You may have heard that it is better to be known for content than it is to simply be known. When I say Good to Great, Execution, In Search of Excellence, Blue Ocean Strategy, The 7 Habits of Highly Effective People, Blink, or Freakonomics, what comes to mind? To many, it is the thought leaders behind these well-known works.

When you develop compelling and unique content, you become known. Combine that with relevant, practical, pragmatic context in which the consumers of that information can use your content to improve their conditions, and now you’re sought after. You are asked to speak, moderate panels, and share your experiences, unique insights, and independent perspectives. Think of a trade show. You can exhibit there; you can set up a booth and pass out marketing materials. You can attend the show and sit through content sessions. Or you can speak or moderate a panel at the event.

Which do you believe would have the greatest impact on your personal and professional brand?

Each has its respective value, but the last alternative often leaves a much more meaningful and lasting impression. So, how do you get invited to speak? What value do you contribute to the event? What forward-looking or contrarian perspective can you bring? That is your highly valuable and unique content and relevant and pragmatic context.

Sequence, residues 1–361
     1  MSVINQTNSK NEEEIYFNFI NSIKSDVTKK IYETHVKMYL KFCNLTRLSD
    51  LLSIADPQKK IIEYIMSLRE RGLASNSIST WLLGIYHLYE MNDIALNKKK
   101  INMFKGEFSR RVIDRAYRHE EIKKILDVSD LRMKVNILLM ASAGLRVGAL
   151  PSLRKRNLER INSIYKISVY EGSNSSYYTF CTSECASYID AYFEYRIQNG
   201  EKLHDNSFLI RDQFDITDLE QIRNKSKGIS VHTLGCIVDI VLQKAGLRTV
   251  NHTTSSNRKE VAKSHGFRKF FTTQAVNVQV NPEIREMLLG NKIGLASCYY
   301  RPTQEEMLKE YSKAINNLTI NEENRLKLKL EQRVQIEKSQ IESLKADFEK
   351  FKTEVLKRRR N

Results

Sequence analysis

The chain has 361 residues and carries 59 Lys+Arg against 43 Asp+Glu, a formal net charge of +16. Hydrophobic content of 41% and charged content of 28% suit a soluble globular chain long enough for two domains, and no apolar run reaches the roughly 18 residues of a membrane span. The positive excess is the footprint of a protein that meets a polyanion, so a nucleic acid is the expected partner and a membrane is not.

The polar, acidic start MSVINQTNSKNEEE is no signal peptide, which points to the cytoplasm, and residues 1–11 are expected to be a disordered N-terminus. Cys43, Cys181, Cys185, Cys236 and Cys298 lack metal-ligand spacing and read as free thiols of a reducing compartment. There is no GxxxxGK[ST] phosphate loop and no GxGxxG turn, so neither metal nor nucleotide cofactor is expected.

Content takes research, packaging, and marketing in the form of position papers, published articles, columns, and commercially published books. Content plus context is constantly in demand. Yet people amaze me; many true subject matter experts in their respective fields have never written or submitted their unique perspectives on topics that they are passionate about. What they don’t realize is that by being perceived as thought leaders in their fields, they would create an unparalleled market pull for their respective organizations—and personal brands.

As a mentor often reminds me, ‘‘If you don’t toot your own horn, there is no music!’’ How are you combining content—your unique ideas, insights, and perspectives—with context and applying it to specific situations of others to improve their condition?

To learn more, read Chapter 8 in the revised and updated Relationship Economics paperback edition with 40 percent new content, including an all-new chapter 10 on social media and business relationships (Wiley, Feb. 2011).

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